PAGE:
Can We Change the Culture of Youth Sports?
There’s nothing that feels worse for young athletes than getting hurt and having to sit on the sidelines while their team goes on to victory. That’s why Safe Kids and Johnson & Johnson released a new report, “Changing the Culture of Youth Sports,” to explore how the culture of youth sports may be keeping kids out of the game.
But teens like Brie teach athletes that staying out of the game after a serious injury can help make sure injuries don’t get worse and athletes go on to enjoy a lifetime of playing the sports they love.
“I wish I knew then, what I know now. A game wasn’t worth risking my life.”
Last year, Brie was knocked unconscious during a high school field hockey game. She was diving to prevent a shot on goal when she got hit in the head with a hockey stick and blacked out. After a few minutes on the sideline, she went back onto the field. “There was no reason to go back into the game after a head injury like that,” says Brie.
A week later, Brie forgot how to spell her name. She suffered a severe concussion that is still dominating her life. The side effects of her traumatic brain injury are enormous. She can’t tolerate bright lights or loud sounds, is unable to focus, and can’t enjoy normal teen activities, like movies, sleepovers or driving.
A former star athlete with a bright future in college sports, Brie was recently told by doctors that she can never play contact sports again because of her concussion. Read more about Brie’s story.
With athletes heading back onto the field or into the gym for fall sports, we’ve teamed up with Johnson & Johnson to release new research about the culture of youth sports.
Did you know that every day, 3,400 kids go to ER for a sports-related injury? We spoke with more than 3,000 teens, parents and coaches to learn how kids are getting injured and what behaviors lead to serious injuries.
Here’s what we found: an alarming number of athletes are hiding injuries to stay in the game, athletes are getting injured as a result of dirty play, and parents are pressuring coaches to play injured athletes. Read more in our research report.
One in four young athletes reported it is normal to commit hard fouls and play rough to send a message during a game. Click on our infographic to learn more.
Our very own, Gary Karton, took to the streets of the National Mall in Washington, DC to ask people about their greatest sports memory as a kid. Watch the video to hear their stories.
Strategies for Smart Play
Here are some strategies for teens, parents and coaches to help keep young athletes playing safe and strong:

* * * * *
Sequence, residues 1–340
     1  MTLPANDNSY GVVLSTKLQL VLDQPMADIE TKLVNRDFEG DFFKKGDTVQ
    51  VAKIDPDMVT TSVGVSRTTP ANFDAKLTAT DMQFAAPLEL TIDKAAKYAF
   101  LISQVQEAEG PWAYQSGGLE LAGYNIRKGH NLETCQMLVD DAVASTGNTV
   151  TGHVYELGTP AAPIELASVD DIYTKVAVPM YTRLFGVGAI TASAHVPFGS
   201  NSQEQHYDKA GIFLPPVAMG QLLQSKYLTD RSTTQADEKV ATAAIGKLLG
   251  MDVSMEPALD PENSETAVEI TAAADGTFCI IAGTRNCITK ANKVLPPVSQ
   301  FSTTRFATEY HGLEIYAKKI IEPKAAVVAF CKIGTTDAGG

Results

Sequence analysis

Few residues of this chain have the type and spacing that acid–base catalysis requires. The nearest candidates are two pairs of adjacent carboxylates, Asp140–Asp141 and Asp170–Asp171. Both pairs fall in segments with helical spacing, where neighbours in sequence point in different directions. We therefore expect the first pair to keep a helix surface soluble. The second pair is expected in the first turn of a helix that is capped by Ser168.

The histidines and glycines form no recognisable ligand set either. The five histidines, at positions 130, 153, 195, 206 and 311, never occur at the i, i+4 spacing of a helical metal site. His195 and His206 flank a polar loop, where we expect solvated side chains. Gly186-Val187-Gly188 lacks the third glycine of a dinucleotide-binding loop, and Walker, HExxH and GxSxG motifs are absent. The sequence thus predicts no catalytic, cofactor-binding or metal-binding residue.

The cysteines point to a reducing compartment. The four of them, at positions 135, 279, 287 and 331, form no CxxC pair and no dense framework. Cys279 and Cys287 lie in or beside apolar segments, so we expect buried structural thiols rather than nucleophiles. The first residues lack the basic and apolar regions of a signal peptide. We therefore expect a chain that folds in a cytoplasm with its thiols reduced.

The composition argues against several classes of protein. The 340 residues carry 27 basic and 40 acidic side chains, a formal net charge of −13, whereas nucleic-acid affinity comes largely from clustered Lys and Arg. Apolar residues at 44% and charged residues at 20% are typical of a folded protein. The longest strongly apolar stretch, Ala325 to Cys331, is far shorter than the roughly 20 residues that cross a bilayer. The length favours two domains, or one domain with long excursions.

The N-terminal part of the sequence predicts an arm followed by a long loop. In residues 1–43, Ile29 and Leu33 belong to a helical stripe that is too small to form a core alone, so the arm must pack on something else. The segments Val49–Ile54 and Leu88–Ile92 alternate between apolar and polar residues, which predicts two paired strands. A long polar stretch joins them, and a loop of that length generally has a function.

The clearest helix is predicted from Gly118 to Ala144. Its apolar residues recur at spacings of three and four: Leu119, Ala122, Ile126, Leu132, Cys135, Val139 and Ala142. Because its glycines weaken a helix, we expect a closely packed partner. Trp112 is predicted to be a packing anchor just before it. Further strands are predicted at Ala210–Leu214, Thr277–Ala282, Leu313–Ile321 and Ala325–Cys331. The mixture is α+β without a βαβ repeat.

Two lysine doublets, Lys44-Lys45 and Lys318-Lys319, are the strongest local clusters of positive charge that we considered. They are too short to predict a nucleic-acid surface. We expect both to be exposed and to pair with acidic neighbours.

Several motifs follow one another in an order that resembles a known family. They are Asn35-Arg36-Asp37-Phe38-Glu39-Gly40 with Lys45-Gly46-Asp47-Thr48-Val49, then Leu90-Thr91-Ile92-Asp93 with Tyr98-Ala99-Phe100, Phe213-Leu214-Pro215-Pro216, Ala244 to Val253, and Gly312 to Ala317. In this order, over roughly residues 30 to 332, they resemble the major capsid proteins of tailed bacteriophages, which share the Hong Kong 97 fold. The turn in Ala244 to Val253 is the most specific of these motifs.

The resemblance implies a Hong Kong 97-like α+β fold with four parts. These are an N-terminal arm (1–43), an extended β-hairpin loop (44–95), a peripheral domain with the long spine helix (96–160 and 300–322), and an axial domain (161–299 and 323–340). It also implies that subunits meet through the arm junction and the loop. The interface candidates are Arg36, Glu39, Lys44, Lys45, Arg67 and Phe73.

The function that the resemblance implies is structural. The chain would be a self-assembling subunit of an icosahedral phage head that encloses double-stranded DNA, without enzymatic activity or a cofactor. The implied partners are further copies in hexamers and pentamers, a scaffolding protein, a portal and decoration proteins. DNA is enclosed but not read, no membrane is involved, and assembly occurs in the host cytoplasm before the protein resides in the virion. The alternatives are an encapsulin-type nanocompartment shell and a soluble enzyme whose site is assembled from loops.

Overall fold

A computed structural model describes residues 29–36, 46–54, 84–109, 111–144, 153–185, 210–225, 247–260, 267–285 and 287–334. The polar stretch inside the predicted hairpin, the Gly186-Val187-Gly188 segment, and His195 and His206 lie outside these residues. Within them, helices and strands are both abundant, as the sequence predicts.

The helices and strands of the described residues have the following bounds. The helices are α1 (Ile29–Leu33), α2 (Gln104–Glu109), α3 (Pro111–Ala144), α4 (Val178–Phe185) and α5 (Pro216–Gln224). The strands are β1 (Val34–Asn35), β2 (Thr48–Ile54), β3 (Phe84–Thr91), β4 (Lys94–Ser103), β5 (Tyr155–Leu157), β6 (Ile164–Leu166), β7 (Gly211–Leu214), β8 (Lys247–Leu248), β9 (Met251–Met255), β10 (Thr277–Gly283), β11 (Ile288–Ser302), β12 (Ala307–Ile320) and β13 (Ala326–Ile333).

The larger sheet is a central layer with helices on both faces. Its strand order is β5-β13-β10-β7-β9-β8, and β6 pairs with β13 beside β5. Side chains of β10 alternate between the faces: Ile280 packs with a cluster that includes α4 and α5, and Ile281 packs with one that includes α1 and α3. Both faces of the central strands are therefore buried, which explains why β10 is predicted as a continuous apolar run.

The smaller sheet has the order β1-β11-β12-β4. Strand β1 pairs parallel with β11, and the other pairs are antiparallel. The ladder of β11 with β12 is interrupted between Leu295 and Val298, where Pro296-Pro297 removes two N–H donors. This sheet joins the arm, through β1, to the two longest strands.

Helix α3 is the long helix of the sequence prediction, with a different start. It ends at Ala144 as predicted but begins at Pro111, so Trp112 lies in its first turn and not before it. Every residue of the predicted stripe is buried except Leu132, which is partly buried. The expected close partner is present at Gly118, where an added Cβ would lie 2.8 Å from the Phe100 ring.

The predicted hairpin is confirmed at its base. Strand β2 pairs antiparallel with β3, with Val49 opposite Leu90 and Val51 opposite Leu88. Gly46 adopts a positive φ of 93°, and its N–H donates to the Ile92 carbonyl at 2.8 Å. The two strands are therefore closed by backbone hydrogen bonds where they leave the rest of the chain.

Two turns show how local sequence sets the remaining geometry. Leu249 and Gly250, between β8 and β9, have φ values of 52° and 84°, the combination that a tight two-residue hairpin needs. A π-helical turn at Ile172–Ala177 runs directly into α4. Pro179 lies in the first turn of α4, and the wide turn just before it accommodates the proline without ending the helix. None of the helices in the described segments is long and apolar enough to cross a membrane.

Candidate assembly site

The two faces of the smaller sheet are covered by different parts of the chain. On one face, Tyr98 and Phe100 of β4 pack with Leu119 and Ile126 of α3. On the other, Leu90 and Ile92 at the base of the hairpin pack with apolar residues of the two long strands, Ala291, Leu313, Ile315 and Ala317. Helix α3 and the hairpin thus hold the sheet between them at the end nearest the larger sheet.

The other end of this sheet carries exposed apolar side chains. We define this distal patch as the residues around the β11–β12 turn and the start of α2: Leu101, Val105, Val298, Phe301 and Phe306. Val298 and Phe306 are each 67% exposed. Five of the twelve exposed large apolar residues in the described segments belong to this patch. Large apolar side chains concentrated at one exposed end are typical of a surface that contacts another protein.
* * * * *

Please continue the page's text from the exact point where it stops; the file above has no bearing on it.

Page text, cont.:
- Set the ground rules at the beginning of the season. Coaches bring together parents and athletes before the season begins to agree on the team’s approach to prevent injuries.
- Teach athletes ways to prevent injuries. Proper technique, strength training, warm-up exercises and stretching can go a long way to preventing injuries.
- Prevent overuse injuries. Encourage athletes to take time off from playing only one sport to prevent overuse injuries and give them an opportunity to get stronger and develop skills learned in another sport.
- Encourage athletes to speak up when they’re injured. Remove injured athletes from play.
- Put an end to dirty play and rule-breaking. Call fouls that could cause injuries.
- Get certified. Learn first aid, CPR, AED use and injury prevention skills.
How much do you know about sports safety? Take our interactive quiz to find out.
- Want more tips to help prevent injuries on the field? Here are some top sports tips:
- Before playing organized sports, make sure your athlete receives a pre-participation physical exam, or PPE, by a doctor. This can help rule out any potential medical conditions that may place your young athlete at risk.
- Bring a water bottle to practice and games. Encourage kids to stay well hydrated by drinking plenty of water before, during and after play.
- Proper warm ups followed by stretching before practice and games can release muscle tension and help prevent sports-related injuries, such as muscle tears or sprains. Make sure there is time set aside before every practice and game for athletes to warm up properly.
- Take time off from one sport to prevent overuse injuries. It is an opportunity to get stronger and develop skills learned in another sport.
- It’s also a good idea for coaches to get certified in first aid and CPR, learn the signs and symptoms of a concussion and help avoid overuse injury by resting players during practices and games.